As the domestic economy is expected to see a strong recovery that could reach 6 percent of GDP in 2021, some of the biggest players on the real estate market say they have adapted to an updated demand structure that was shaped during the pandemic period. Investors are positioning themselves so as to benefit from improved consumer sentiment, although recovery in the property industry remains uneven, with some segments gaining ground while others are still reeling from the effects of lockdowns.
By Ovidiu Posirca
Business Review has been reporting on the changes that have engulfed the Romanian property sector since the onset of the pandemic, and in late July we launched two projects that will allow key market players to present their outlook and emerging trends.
Exclusive event and guide
Marking its 20th anniversary, Business Review’s REALTY Forum 2021 took place at an inflection point for the Romanian property market.
This year’s REALTY Forum looked at the way in which real estate players have adapted to the new market reality, outlining some of the long-term trends shaping the future of the ecosystem comprising construction firms, developers, and investors.
The high-profile guest speakers and attendees discussed promising investments, transactional and rental climates, as well as market segments and areas that will be in high demand in Bucharest and regional cities going forward. The forum, which took place on July 29, is one of BR’s flagship events, having brought together some of the biggest domestic and international real estate executives managing portfolios worth billions of euros.
Watch the full recording of the conference:
The Business Review team also launched this year’s Real Estate Guide, our exclusive editorial product that outlines transformative changes on the property market. The guide outlines the business decisions made by leading companies in the property industry and analyses the investments they are making to secure the profitability of their projects.
Real Estate Guide 2021 includes market-moving interviews and features with strategic players in the real estate sector, including office, retail, industrial, and residential developers. The guide will also present some of the major trends impacting the future of real estate and the contribution of the industry to economic growth and job creation.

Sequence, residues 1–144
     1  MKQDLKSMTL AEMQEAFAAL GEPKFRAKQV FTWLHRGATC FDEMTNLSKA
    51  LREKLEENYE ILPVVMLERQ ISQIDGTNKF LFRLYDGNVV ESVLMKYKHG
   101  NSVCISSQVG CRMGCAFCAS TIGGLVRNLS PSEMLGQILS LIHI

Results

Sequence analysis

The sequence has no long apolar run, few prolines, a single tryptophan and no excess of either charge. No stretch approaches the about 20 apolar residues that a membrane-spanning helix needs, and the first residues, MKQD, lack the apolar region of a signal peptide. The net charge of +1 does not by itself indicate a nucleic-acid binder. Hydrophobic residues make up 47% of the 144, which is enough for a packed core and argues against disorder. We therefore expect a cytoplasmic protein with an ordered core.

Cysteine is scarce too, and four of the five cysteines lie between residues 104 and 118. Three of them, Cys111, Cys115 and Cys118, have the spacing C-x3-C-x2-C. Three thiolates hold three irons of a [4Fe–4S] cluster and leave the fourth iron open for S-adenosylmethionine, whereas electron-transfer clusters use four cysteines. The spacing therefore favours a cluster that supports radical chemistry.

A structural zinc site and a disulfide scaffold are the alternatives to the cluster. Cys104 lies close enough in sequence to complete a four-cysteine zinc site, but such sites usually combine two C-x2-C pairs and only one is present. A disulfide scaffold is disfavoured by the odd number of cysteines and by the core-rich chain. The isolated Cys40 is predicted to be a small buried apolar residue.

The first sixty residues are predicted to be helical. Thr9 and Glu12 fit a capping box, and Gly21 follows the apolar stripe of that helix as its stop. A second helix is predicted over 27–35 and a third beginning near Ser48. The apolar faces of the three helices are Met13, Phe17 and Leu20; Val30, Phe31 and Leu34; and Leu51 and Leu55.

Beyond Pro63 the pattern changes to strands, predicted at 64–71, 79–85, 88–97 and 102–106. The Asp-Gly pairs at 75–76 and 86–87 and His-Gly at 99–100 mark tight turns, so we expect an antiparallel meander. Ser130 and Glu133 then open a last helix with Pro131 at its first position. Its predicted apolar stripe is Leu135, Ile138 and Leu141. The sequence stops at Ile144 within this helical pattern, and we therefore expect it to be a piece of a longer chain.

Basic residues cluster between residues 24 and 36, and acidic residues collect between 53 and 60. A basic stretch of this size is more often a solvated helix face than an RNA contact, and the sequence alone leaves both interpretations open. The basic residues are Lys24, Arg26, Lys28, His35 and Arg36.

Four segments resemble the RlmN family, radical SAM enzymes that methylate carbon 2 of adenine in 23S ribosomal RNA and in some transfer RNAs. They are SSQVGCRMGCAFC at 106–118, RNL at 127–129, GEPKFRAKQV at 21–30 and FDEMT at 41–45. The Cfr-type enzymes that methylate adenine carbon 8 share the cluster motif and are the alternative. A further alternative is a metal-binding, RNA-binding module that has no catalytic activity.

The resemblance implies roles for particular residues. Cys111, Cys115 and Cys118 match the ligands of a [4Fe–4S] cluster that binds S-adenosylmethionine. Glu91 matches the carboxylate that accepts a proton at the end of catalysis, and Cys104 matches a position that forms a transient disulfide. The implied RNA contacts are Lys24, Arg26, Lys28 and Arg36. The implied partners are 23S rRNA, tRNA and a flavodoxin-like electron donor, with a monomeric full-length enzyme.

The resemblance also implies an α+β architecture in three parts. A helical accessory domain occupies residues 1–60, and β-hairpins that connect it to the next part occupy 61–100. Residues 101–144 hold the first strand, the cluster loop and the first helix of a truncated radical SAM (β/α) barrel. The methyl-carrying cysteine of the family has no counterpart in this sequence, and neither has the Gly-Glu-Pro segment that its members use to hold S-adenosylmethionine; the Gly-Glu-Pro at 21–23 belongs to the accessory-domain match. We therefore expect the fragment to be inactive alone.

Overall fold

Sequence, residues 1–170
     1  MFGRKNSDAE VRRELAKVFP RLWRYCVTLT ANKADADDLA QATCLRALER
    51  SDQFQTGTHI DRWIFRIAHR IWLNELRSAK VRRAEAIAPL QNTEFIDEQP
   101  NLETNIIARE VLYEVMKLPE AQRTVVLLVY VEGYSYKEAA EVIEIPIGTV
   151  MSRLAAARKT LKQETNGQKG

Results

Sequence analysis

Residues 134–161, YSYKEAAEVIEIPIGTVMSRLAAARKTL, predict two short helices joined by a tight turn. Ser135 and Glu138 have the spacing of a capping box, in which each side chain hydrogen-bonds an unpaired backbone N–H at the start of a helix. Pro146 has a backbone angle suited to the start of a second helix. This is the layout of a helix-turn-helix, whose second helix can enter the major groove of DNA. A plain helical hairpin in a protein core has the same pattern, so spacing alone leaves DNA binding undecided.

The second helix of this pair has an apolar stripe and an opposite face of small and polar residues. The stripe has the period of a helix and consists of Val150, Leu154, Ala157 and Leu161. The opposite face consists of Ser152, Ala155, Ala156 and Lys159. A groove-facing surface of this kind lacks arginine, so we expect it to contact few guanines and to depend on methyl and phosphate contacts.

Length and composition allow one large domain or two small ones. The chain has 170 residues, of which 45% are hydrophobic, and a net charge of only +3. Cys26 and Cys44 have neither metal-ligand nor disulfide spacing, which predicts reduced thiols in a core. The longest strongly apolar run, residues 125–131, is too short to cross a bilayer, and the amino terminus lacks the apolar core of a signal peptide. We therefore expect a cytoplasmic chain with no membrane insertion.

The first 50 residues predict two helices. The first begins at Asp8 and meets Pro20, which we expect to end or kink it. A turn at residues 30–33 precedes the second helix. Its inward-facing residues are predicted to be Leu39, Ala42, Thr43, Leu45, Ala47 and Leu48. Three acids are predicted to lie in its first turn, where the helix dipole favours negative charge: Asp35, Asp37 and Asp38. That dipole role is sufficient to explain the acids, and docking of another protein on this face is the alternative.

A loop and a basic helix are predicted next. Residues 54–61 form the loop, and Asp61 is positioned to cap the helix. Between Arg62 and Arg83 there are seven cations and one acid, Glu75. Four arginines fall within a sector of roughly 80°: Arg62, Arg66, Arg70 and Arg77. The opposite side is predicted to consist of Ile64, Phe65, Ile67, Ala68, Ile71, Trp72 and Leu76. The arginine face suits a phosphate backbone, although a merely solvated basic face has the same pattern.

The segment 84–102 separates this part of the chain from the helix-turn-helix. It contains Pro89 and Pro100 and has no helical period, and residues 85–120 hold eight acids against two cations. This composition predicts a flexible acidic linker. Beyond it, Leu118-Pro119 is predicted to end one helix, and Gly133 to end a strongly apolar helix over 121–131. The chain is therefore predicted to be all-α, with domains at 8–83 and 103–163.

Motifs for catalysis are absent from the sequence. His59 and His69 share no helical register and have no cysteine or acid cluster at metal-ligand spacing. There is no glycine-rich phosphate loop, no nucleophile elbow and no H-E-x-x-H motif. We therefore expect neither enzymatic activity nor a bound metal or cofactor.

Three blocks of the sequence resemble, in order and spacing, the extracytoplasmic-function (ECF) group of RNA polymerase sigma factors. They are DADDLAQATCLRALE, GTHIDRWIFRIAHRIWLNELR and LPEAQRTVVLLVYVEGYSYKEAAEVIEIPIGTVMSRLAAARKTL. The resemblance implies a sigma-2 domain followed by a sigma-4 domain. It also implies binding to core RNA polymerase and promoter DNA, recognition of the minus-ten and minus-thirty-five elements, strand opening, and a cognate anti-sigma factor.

While last year’s guide focused on the initial impact of the health crisis on the real estate industry, this year’s issue looks at strategic players’ development plans.
Investment market marches on despite uncertainties
The investment market has recorded a flurry of deals since the start of the year and is estimated to exceed EUR 700 million in volumes by the end of 2021. However, this year’s performance will be lower than 2020’s, when key office transactions propelled the market close to the EUR 1 billion mark. In the first quarter of this year, we saw new investment transactions worth EUR 73.5 million, down almost 50 percent compared to the same period of last year, according to a report by real estate consultancy JLL.
Across Central and Eastern Europe markets, total investment volumes are set to reach similar levels as in 2020, of around EUR 10 billion.
The office sector, which has been dealing with significant challenges regarding demand for more than 15 months now, will continue to drive transactions in the Romanian capital and regional cities.
In Bucharest, there is solid demand for high-quality office space with added value, suggests Fulga Dinu, Country Manager for Operations at Immofinanz Romania.
“The office experience will be centred on tenants’ needs, with flexibility and community playing key roles,” Dinu tells BR.
Immofinanz has been active on the transaction market this year. It took over Bucharest Financial Plaza, an emblematic office building in the Old Town, and continued to attract tenants to its buildings. The newly-acquired project will be refurbished under the myhive brand, which enhances the experience of tenants and provides additional spaces for the community.
“This year we also closed a long-term rental contract with Provita Group, a leading medical services provider that will occupy an entire building in IRIDE Park, one of the largest office hubs in Bucharest. This partnership expands our current offering with a high-quality medical hub, which will increase the location’s attractiveness over the long term,” Dinu explains.